Main Content

Home » Blog » Will Federal Reserve pump brakes on plans to raise rates in wake of banking crisis?

Will Federal Reserve pump brakes on plans to raise rates in wake of banking crisis?

A week ago, those hoping to hear good news on the Federal Reserve’s efforts to rein in inflation found themselves waiting awhile longer, as Chairman Jerome Powell said last week interest rates are likely to continue to climb higher than expected.

But with the even more recent banking crisis, the Federal Reserve is now being lobbied to pump the brakes on its plans to continue raising rates, as the Wall Street Journal reported Monday.

Powell said last week recent data has shown “inflation has reversed the deceleration it showed in late 2022,” according to a CNBC report, while warning of action ahead to slow the economy as a measure to control inflation.

“The latest economic data have come in stronger than expected, which suggests that the ultimate level of interest rates is likely to be higher than previously anticipated,” Powell said in remarks prepared for two appearances this week on Capitol Hill. “If the totality of the data were to indicate that faster tightening is warranted, we would be prepared to increase the pace of rate hikes.”

Powell’s comments follow in the wake of rising interest rates that have nearly doubled over the past year. Mortgage rates have followed suit, cooling off the hot real estate market that began in 2020 and continued through early 2022 before slowing considerably.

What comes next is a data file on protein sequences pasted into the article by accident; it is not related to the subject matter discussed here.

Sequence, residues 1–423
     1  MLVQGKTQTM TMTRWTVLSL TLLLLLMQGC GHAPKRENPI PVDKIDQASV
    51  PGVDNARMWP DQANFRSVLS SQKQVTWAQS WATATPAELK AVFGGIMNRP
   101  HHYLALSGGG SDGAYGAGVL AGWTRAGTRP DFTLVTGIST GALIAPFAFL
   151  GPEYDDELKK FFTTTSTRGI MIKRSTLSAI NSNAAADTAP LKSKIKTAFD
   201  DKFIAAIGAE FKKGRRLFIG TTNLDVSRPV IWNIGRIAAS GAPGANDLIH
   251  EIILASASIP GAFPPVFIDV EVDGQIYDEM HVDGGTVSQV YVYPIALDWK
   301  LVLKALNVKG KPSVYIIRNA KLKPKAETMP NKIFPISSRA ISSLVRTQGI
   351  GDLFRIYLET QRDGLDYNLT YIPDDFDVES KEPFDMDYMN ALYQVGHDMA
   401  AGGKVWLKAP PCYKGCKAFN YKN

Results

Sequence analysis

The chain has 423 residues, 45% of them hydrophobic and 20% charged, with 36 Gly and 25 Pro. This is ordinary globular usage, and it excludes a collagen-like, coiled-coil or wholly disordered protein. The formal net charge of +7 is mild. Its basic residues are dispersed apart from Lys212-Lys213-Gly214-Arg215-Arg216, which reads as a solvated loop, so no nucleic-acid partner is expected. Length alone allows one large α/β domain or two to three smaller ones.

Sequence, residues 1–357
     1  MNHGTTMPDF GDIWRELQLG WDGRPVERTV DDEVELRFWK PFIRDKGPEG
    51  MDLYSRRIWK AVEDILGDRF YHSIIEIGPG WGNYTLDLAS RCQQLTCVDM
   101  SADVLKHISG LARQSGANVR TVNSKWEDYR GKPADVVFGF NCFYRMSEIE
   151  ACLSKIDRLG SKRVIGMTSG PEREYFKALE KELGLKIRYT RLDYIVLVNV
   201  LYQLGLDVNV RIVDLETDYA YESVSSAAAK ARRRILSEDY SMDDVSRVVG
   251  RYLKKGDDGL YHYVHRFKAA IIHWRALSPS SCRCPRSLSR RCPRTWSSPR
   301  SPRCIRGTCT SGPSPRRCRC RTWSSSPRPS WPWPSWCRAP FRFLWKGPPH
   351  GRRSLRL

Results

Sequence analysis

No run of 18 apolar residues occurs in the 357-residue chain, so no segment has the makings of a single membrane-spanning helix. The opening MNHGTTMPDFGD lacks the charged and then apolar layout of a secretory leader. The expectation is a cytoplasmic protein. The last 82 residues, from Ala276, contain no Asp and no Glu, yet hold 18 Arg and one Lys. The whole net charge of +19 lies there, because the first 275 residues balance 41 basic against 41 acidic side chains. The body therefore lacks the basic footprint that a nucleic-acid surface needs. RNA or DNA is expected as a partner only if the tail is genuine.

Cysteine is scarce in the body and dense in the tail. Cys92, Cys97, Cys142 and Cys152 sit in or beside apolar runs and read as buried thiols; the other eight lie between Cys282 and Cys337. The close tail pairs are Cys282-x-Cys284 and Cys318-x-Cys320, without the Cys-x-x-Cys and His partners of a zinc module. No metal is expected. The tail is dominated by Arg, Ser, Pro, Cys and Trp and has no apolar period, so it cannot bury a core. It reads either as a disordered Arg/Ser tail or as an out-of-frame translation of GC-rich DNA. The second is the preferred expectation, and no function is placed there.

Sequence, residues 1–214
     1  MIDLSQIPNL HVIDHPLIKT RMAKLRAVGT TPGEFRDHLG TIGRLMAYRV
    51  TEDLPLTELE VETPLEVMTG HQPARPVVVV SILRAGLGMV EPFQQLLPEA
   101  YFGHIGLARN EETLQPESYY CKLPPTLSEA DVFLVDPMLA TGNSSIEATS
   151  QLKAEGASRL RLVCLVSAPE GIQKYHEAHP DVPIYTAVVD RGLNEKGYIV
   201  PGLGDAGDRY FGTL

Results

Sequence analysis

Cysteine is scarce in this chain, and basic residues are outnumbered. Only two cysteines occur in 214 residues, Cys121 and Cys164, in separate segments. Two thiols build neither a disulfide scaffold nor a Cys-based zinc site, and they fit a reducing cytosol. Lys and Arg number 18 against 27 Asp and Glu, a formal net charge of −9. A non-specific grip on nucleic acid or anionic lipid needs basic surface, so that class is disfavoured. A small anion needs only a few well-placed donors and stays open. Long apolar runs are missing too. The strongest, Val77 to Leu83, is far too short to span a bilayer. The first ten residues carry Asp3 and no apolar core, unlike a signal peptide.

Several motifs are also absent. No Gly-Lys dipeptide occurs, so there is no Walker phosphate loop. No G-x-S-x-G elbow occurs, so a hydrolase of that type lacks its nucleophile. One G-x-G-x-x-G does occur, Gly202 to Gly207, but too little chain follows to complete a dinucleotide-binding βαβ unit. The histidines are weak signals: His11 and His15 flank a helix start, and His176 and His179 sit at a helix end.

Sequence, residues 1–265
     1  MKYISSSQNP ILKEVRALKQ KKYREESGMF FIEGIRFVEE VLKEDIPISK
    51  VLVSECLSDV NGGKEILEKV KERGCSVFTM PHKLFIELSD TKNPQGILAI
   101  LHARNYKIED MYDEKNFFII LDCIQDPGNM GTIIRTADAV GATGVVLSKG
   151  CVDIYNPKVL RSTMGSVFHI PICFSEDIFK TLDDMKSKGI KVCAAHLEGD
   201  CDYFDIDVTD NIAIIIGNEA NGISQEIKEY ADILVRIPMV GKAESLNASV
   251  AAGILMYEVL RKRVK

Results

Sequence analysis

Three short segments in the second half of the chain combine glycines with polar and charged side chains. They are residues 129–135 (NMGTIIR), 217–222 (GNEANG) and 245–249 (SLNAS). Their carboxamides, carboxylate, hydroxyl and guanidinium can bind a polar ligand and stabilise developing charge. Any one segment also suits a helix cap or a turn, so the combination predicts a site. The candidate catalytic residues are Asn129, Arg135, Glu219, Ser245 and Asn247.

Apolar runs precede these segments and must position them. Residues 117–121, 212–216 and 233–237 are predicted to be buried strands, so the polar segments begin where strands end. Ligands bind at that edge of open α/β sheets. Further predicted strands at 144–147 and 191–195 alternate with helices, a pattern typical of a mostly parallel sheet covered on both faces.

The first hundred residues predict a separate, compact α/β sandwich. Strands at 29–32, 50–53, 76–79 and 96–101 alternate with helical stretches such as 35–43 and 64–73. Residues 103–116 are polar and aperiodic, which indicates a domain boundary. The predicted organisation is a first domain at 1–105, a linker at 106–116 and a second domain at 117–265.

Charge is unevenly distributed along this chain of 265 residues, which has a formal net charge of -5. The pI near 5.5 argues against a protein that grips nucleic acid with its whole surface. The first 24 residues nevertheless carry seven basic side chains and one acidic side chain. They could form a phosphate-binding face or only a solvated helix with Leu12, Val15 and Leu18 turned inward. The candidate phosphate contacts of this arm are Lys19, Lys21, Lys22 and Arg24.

Those planning to soon purchase a home or later in the spring might want to speak with their lender about more than a preapproval letter. Locking in an interest rate before home mortgage rates are impacted by interest rate increases by the Federal Reserve is an option to be considered.

“A mortgage rate lock is an offer by a lender to guarantee the interest rate of your loan for a specified period of time,” a NerdWallet report explains. “The lender may charge an extra fee or include the cost of the rate lock in the loan. The lock period usually extends from initial loan approval, through processing and underwriting, to loan closing.

“Lock periods can be 30 days, 60 days or more for standard purchase mortgages.”

According to ICE Mortgage Technology, a mortgage industry data provider, the average time to closing for purchase mortgages was 50 days in the last six months.

Whether the Federal Reserve responds to calls for setting aside previously planned rates increases remains to be seen, but we encourage soon-to-be prospective homebuyers to have a conversation with their lender about the impacts rates are having on their buying power.

Skip to content